I thought this was prevalent to our class and since it deals with Memes and Twitter. Funny nonetheless too!
ESPN writer Bill Williamson wrote an innocent article Sunday about NFL quarterback Tim Tebow of the Denver Broncos, which has sparked an entirely unexpected viral backlash in its comments.
Tebow’s inconsistency as a passer has led to much derision from NFL fans, and was the topic of Williamson’s article. The story now receives what seems to be several comments per second. The post’s commenters have even sparked their own twitter hashtag, #occupytebow.
The comments follow a set rhythm, inserting things that are “better than” Tebow using the “fill-in-the-blank > Tebow” format. Some of the tech-related (and more politically correct) examples that have been posted include Netflix, dial-up modems, Rebecca Black’s singing career and asking for an RT from a celebrity.
Tebow, who was only recently named starter of his NFL team, has already been in the public spotlight for several years. A former University of Florida standout, he led the Gators to two BCS National Championships, and was the first underclassman to win the Heisman trophy, which is awarded to the best college football player in the country.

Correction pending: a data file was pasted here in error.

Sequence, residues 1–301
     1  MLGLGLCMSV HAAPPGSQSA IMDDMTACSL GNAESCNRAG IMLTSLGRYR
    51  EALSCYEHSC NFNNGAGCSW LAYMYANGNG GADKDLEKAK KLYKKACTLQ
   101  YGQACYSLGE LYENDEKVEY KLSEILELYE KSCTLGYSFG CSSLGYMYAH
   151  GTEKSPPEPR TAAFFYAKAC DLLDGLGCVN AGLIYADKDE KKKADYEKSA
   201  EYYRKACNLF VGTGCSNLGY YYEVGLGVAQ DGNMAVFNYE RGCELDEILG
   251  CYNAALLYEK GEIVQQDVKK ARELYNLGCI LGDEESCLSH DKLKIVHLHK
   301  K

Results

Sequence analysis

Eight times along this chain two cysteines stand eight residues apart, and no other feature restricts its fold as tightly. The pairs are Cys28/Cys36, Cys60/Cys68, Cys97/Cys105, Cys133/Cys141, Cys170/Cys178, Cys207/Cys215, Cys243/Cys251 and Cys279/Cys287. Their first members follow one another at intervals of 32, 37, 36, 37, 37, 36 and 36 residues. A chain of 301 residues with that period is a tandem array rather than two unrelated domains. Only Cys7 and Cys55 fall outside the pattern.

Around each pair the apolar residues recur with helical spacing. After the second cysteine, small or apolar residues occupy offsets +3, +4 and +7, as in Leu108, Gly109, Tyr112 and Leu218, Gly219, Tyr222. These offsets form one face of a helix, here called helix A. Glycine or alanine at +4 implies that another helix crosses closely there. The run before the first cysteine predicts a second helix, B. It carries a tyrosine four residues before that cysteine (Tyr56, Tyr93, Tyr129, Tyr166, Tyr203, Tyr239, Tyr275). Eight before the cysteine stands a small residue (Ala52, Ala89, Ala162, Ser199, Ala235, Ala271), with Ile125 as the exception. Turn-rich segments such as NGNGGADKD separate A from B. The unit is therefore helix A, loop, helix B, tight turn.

This is not the first time the player has created an Internet trend. During the 2009 BCS Championship Game, Tebow painted “John 3:16″ on his eye paint. As a result, 92 million people searched for the passage on Google during or shortly after the game.SEE ALSO: How Social Media is Changing the NFL
More recently, his mid-game moments of prayer have generated an Internet meme, Tebowing. A popular Tumblr was created, which defines Tebowing (“to get down on a knee and start praying, even if everyone else around you is doing something completely different”) and gives people a place to post their own pictures.